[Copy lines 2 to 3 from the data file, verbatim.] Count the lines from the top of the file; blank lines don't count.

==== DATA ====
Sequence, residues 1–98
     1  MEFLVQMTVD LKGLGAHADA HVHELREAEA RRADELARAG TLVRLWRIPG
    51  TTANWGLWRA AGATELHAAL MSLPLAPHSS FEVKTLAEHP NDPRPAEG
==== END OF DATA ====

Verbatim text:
     1  MEFLVQMTVD LKGLGAHADA HVHELREAEA RRADELARAG TLVRLWRIPG
    51  TTANWGLWRA AGATELHAAL MSLPLAPHSS FEVKTLAEHP NDPRPAEG